When people talk about using Sextants while farming, they usually mean that they are using four to seven Sextants for each set of three maps. This can be extremely expensive, and is only worth it if you are running very profitable maps.
The Concept of Sextant Blocking
The reason that Sextants are a “noob trap” goes back the concept of Sextant blocking. Plain and simple, Sextants have a lot of bad mods: mods you’d never want to put on your maps, and mods that are basically a waste of the money you spent on the Sextants. So you, as a Sextant user, want to mitigate the number of times you can get these bad Sextants. Luckily, there’s a way to do this. Unfortunately, it’s confusing and expensive.
Sextant blocking is when you put Sextants on nearby maps, rather than the map you’re going to run. The maps you put the bad mods on are the ones just out of reach, and won’t affect the map you like. The reason for this is simple: a map cannot have two copies of the same mod on it.
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Imagine a sequence of maps as three numbers in a row: one, two, and three (visualized below). One is the map you want to run. Two is one of the maps that are close enough to put a Sextant on, which will in turn hit map one. Which leaves three just out of range. Three is too far away from one for its mods to affect the map, but it is close enough to affect two.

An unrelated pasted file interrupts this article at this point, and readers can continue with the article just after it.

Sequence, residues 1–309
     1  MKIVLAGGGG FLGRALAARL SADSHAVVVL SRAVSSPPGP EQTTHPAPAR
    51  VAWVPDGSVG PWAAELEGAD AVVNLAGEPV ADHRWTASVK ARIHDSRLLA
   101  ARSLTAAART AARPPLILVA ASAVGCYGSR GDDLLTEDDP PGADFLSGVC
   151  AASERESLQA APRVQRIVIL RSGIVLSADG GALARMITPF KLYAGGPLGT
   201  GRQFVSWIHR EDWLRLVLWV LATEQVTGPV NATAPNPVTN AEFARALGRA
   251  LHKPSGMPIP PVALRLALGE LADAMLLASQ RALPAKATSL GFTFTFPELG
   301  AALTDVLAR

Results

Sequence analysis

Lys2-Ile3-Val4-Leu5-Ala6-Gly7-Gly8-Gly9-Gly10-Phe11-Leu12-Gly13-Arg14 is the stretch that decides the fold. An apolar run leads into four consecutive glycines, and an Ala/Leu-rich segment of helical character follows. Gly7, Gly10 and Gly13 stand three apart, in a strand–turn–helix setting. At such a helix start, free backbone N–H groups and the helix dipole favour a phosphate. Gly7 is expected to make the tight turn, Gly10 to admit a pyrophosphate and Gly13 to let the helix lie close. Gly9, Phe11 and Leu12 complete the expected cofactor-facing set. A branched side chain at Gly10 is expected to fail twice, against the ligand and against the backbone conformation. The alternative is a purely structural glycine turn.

Because a map cannot have two of the same mods on it, you can put Sextants on map three until you get one you don’t like. Then you leave it there. Since it’s affecting two, two cannot roll that bad mod anymore, and because you’re not actually running a map inside the range of the bad mod, it stays there forever. You don’t need to reapply it.
The Hard Part
It gets confusing because two isn’t the only map affected by three. The fact that two maps cannot have the same mod is not exclusive to two and three’s relationship. Because three puts that bad mod onto two, one also cannot roll that bad mod. If one and three had the same bad mod, then two would have two instances of it, which is not allowed. Therefore, blocking off three is doubly efficient.